And then I realized I had to get out of the house, and walk around the city. I had lived here long enough to clearly identify what I knew and what I didn’t know. I had to be on the street with all of my senses engaged, talking to strangers, going to neighborhoods where people warned me not to go, wearing out the soles of my shoes to get it right. I had to drink in the energy of the city every day, so that I could go home and then transmit that energy in the writing.
The worst thing that one Mexican writer can say about another is escribe con las patas – he writes with his feet. I actually wrote this book with my feet, walking around and then coming home to sit at the computer.
The other turning point was when I came up with the idea of interweaving long, analytical chapters with short vignettes. Initially I had only planned to have long chapters. But I realized two things. First, there are certain topics – like the Centro Histórico, for example, or the wrestling matches – that I could either try to capture as a succinct snapshot in five pages, or else I would have to write a 300 page book. There is no way that I could imagine doing 30 pages about the Centro.
Secondly, I believe that these short takes and anecdotes truly reflect the fragmented nature of experience in Mexico City. Or at least the fragmented nature of my experience here.
Could you tell me a little of the trials and errors that accompanied your journey to becoming a professional writer?
I’m not sure how much I would define them as trials and errors as I would as ups and downs. I got my start on a daily trade newspaper in New York that services the fashion and retail industries. I began as a copy editor and five years later I was editing the arts page. The paper was widely read by editors of women’s magazines, so when I quit and became a freelance they all gave me work.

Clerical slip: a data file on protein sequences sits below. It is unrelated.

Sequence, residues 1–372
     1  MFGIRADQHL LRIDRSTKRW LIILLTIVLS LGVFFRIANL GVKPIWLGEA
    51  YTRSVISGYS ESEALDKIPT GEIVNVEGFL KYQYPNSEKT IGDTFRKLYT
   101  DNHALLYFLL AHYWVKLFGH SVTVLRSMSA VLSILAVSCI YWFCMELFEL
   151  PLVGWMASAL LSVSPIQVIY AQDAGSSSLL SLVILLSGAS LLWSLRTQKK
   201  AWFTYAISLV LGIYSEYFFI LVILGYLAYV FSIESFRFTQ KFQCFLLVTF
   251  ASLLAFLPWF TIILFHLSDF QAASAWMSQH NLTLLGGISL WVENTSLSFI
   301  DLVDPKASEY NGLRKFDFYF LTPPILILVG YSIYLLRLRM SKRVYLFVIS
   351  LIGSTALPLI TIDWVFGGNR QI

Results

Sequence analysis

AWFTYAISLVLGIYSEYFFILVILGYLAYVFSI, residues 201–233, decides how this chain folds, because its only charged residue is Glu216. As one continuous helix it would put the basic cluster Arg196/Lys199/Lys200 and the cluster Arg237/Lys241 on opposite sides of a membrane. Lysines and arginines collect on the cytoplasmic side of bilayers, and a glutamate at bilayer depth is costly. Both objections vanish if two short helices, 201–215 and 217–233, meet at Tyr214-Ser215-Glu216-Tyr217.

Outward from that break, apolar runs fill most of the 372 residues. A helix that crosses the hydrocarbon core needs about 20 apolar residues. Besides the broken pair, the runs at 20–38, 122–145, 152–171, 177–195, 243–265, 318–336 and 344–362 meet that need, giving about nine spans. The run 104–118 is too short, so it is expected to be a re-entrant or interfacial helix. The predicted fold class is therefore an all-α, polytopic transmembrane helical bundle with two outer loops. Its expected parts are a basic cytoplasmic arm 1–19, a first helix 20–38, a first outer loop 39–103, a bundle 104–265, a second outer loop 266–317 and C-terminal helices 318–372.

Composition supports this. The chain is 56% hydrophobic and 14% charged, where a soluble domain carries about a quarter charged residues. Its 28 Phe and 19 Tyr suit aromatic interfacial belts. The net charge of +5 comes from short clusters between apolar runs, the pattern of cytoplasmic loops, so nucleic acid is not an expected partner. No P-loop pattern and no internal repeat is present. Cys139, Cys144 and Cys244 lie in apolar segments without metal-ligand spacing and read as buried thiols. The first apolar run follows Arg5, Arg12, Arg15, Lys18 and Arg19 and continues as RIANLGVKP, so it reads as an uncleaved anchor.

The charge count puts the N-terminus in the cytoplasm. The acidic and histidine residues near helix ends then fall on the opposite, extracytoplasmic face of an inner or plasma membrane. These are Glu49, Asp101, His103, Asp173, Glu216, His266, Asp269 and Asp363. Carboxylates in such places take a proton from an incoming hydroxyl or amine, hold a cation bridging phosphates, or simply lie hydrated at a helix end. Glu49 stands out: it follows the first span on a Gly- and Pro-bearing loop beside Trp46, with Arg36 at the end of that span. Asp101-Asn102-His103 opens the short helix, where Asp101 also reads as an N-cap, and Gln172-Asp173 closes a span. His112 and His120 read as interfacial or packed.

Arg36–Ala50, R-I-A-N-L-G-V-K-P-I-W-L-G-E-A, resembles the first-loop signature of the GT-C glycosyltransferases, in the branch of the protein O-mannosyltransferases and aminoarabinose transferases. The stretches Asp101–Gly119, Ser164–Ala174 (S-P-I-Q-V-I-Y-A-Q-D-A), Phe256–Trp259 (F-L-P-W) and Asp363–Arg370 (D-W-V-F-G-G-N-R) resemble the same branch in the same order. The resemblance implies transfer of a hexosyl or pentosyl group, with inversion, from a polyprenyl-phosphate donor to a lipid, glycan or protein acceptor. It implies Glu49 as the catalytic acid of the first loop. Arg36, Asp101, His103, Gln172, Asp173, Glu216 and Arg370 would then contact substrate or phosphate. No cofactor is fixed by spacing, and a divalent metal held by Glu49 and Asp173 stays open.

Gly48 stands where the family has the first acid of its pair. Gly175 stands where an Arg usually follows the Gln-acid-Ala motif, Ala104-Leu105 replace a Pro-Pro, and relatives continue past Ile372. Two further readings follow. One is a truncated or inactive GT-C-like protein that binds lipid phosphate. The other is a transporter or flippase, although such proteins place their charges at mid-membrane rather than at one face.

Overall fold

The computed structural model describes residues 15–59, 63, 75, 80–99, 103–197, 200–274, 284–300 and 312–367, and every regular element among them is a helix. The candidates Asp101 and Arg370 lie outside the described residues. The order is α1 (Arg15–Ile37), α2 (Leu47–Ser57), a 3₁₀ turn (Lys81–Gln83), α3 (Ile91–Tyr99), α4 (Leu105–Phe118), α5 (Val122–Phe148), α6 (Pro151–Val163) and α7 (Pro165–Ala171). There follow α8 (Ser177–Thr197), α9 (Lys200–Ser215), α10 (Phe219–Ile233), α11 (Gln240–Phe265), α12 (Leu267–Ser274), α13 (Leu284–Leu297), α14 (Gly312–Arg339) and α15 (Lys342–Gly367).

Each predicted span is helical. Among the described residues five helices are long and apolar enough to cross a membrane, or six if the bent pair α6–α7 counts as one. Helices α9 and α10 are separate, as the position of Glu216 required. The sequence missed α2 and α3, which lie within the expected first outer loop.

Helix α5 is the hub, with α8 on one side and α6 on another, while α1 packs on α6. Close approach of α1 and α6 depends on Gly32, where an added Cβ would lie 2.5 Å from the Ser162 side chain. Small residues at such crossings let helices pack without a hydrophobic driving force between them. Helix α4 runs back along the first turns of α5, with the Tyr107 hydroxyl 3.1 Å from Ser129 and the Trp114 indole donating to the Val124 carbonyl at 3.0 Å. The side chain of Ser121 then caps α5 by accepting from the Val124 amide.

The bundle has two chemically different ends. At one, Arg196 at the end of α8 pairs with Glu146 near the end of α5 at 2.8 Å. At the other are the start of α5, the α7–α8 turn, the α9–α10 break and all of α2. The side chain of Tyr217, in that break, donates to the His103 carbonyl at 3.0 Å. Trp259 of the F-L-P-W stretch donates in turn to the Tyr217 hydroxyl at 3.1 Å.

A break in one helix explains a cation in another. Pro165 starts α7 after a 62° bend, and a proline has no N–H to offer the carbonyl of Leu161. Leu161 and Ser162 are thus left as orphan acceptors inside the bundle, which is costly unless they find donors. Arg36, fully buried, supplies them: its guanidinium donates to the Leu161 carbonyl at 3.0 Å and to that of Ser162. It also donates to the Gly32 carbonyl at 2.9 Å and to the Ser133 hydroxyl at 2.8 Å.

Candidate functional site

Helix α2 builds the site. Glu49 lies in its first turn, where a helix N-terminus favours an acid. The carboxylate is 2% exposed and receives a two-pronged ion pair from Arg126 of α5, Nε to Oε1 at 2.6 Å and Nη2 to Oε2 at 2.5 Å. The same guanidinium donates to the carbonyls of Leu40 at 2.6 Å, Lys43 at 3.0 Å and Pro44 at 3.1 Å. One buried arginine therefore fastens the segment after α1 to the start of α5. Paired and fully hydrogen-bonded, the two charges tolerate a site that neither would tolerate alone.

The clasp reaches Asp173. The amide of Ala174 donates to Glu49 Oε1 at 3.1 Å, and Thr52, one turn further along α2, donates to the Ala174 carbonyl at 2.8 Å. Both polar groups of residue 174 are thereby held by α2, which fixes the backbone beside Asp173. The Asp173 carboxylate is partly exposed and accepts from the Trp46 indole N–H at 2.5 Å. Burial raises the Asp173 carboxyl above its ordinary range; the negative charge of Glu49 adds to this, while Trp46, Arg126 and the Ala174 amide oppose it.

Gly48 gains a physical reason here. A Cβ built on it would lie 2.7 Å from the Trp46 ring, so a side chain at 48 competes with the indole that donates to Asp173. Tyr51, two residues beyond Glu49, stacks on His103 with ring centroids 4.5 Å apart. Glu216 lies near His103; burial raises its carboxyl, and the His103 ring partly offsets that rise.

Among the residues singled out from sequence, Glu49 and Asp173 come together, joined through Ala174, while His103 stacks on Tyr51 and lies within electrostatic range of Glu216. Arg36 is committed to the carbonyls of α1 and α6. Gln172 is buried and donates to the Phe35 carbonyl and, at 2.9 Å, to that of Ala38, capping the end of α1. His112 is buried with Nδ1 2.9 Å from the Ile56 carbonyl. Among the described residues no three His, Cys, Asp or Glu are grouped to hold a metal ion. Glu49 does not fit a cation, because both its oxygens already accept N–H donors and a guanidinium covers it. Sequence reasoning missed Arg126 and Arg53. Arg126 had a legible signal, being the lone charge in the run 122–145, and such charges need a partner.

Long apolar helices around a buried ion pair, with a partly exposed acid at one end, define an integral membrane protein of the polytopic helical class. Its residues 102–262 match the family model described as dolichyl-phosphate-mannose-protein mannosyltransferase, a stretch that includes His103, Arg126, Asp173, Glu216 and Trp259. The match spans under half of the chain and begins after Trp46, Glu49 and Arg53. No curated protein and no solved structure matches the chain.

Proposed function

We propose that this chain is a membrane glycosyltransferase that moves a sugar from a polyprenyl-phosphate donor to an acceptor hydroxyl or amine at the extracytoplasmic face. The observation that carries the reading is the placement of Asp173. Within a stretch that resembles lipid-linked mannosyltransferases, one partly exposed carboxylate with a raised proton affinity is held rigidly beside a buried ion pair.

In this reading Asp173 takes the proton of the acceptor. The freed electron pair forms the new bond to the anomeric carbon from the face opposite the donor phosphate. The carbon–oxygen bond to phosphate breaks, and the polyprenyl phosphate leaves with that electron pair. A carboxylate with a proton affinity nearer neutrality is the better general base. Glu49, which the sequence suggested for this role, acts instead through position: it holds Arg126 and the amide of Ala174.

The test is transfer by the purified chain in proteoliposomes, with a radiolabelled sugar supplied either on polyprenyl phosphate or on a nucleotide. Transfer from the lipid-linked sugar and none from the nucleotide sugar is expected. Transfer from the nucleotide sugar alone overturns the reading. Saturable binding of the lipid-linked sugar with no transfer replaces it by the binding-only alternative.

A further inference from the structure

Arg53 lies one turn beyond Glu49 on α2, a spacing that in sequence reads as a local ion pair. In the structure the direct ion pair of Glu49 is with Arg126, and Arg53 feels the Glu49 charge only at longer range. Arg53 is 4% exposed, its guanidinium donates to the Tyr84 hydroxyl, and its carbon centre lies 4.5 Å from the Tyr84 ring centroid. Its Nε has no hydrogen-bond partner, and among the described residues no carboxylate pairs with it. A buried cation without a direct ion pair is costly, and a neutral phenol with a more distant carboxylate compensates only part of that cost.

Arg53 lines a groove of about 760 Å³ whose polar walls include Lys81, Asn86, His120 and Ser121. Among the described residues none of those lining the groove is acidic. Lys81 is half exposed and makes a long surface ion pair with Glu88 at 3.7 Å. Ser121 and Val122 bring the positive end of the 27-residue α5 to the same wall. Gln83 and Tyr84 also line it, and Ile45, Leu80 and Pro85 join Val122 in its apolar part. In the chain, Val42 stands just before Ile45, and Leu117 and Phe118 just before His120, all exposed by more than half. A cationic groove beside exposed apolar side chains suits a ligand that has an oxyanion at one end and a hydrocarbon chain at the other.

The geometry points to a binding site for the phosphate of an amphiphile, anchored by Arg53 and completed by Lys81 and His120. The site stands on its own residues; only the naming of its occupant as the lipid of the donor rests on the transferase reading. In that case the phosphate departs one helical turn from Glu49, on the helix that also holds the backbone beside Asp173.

I thought it would be smooth sailing from there on in. I figured that in a couple of years I would find three or four editors who would give me lots of work on a regular basis and that would be that. In fact, within a couple of years all the editors who had been giving me work had either quit or been fired, and I had to start from scratch. And that is pretty much the way it has been for twenty years. I’ve had to reinvent myself constantly.
It has helped that I learned to write in Spanish. This expands my chances of getting published at all. I am especially happy about Las llaves de la ciudad, a book that came out here in Mexico at more or less the same time as First Stop in the New World. It’s a collection of magazine pieces about Mexico City, mostly profiles of people (from a guy who claims to be the D.F.’s first private detective, to a deaf-mute transvestite who has created her own sign language, to one of the city’s most notorious socialites). I wrote all of it in Spanish, and the response here has been extremely positive.
Having said that, I believe it is harder and harder for a freelance writer to survive in the world. I want to keep writing. However, one of the reasons that, in addition to writing, I became a mitigation specialist (there is a little bit about this on my web site, www.davidlida.com) is that I couldn’t imagine spending the rest of my life hustling magazine articles in an increasingly hostile market.
Do you have a crazy or funny personal story from Mexico City that you could share that was not included in First Stop in the New World?
Whenever I feel I have seen everything here, I walk through some door and am surprised. A few months ago I was in the Plaza Garibaldi, an area notorious for mariachis and dive bars, with a friend. She insisted on going to a table dance bar, where women strip and dance for an exclusively male clientele, with the exception of the occasional adventurous woman, like my friend. In any case, we went in there and saw a woman dancing who was clearly, visibly pregnant – I’d say she was four or five months along in her term. That was certainly a first for me.
David Lida’s Homepage and Blog